"Readers will notice that there is still no mention of the fact that the proposal to adopt the Covenant in the Church of England was defeated when a majority of diocesan synods voted against."
Is this an inadvertent reminder that TA exists in a Communion that is often artificially confined by TA to likeminded UK provocateur?
The fate of the Covenant was never restricted, by design, to what the CoE did, because the Communion is not the CoE and never has been.
Let us hope it is a last twitch before it dies!
Yes, was not that Abp Rowan Williams' second-to-last humiliating defeat before leaving office? It was not even close, as I recall. Of course, nearly all the C of E bishops voted for it, so I will not be at all surprised if the HoB and/or Mr Fittall (after consulting no one other than themselves) issue a statement sometime soon that the C of E does in fact, support the Covenant, as the opponents do not have a two-thirds majority, and we don't want to upset our 'brothers' in Nigeria and the Southern Cone.
Why have they not told anyone else that the C of E has rejected the covenant? It would be hilarious if it weren't so pathetic.
Oh dear - it rises again like a zombie from the dead ... or perhaps this is a poisoned chalice that Justin Welby has inherited from his predecessor.
I could envisage conservative Provinces (having resisted it so far) now deciding that the Covenant is a useful stick with which to beat anyone or anything that supports the gay issue.
What I find annoying is the statement that, "The Anglican Communion Covenant, [is] a document that outlines the common life and values of the Communion...." If adopted sufficiently that might become true, and then only for those who adopt. It is certainly not true now, and is aspirational at best.
They adopted the what now?
Good luck on that "Anglican" Communion without THE original Anglican Church! It can be *a* communion, but not the Anglican Communion. It's not even the "Anglican" Covenant, anymore. Frankly, no Anglican Communion is fine, as it was never anything besides a joint effort to emulate Rome on the American bishops' part, and to preserve some last vestige of a dead empire on the CofE's part. No great loss, really.
This from people who don't recognize the only true communion is through Christ, and He has the only say, now claiming some sort of universalist concept of "anglican" church!
The Covenant is not dead, it is moving at a different pace.
From reported conversations with Roman Catholic leaders, those in charge of the Anglican Communion project are taking the long view and hoping to move more and more churches into this relationship over the next couple of decades.
In a report on the Episcopal Cafe web site, the lead bishop of Scottish Anglicans gives a view on how things have moved within the communion over the past decade. http://www.episcopalcafe.com/lead/anglican_communion/the_primus_of_the_scottish.html
One suspects that NOT reporting who rejects the Covenant is part of this longer plan, the word in Catholic circles is that in England the matter is "on hold". The Covenant remains the key strategy for moving the Anglican Communion into a entity other churches want to see it become.
The Anglican Communion dates it history back to the Chicago Quadrilateral, an agreement between the Church of England and the Episcopal Church in the US, as you well know. What does it say about a document purporting to "help us know where we stand together and also help us to intensify our fellowship and our trust" when neither of the two founding members of that group will sign on to it? It as if the original 13 colonies all rejected the Constitution, but a few of the other 37 states ratified it.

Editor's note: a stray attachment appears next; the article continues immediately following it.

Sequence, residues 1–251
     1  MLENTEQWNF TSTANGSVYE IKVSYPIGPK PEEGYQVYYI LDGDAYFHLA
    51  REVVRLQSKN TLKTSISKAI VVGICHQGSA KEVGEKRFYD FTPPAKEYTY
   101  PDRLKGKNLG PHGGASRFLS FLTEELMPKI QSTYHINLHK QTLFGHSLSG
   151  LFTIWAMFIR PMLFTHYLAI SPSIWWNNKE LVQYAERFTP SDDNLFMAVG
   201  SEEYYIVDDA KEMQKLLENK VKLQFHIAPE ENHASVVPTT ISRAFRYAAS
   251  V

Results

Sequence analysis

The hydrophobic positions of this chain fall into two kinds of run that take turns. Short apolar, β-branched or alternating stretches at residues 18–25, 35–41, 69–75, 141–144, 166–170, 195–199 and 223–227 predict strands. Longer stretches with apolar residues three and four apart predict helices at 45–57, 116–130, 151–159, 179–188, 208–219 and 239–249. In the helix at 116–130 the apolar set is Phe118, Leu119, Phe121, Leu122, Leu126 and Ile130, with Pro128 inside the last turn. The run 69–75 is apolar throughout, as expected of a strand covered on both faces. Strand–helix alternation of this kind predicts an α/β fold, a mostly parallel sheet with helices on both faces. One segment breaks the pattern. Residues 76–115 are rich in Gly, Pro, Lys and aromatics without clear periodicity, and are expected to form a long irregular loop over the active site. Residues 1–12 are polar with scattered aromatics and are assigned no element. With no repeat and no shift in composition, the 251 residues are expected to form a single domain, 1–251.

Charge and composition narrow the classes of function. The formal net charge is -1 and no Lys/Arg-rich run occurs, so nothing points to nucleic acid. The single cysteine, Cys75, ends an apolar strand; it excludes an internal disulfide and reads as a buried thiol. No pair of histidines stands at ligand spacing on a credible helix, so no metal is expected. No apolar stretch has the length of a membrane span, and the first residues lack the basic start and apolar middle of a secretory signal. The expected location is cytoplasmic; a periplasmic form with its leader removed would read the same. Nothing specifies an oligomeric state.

Are they in some kind of time warp ?
Time travel ?
Invincible ignorance ?
"Beam me up !"
I believe the formal answer to the question you pose is that the ACC and CofE are waiting to see what the fate of the covenant is in the life of the communion, as is appropriate. The covenant's viability was formally never a matter of CofE approval (as +Williams himself has said). As for TEC, it is of course a tiny province. I am on von Humboldt grant in Goettingen, where the number of Lutherans in the single region of Hanover is much larger than TEC.
If six large-size Provinces were to join SE Asia, the covenant would take on a different quality. Many have as yet made no decision at all.
"Frankly, no Anglican Communion is fine, as it was never anything besides a joint effort to emulate Rome on the American bishops' part, and to preserve some last vestige of a dead empire on the CofE's part. No great loss, really."
Preach it, Mark!
And the more Lambeth tries to make the Communion into some superstructure, the more Lambeth will be resisted.
"I am on von Humboldt grant in Goettingen, where the number of Lutherans in the single region of Hanover is much larger than TEC."
The Hanover Region has 1.1 million total inhabitants (http://en.wikipedia.org/wiki/Hanover_Region). The Episcopal Church has 2.1 million members. Can you please explain what you're talking about?
"As for TEC, it is of course a tiny province." According to Anglican "Mainstream," the province of Hong Kong has 29,000 members ( http://www.anglican-mainstream.net/usable-statistics/ ). If TEC is "tiny," I wonder what the appropriate adjective for the province of Hong Kong would be.
The Lutheran Church (evangelisch) whose Bishops oversee the region in Germany whose 'see' is Hanover, comprises 2.8 Million.
If it is easier for you, just go to Google.
"As for TEC, it is of course a tiny province..."
But the one that provides the vast majority of the funding for the rest of the Communion, including those provinces that choose to treat it as a pariah.
I think we have to be careful when we talk of membership of German Lutheran churches. People tend to be born either Lutheran Protestant or Roman Catholic and they are automatically members of their churches.
Churches are financed by means of a church tax that is automatically collected together with income tax by the Inland Revenue. All church tax paying Germans appear in the statistics as church members, whether they attend any church or not.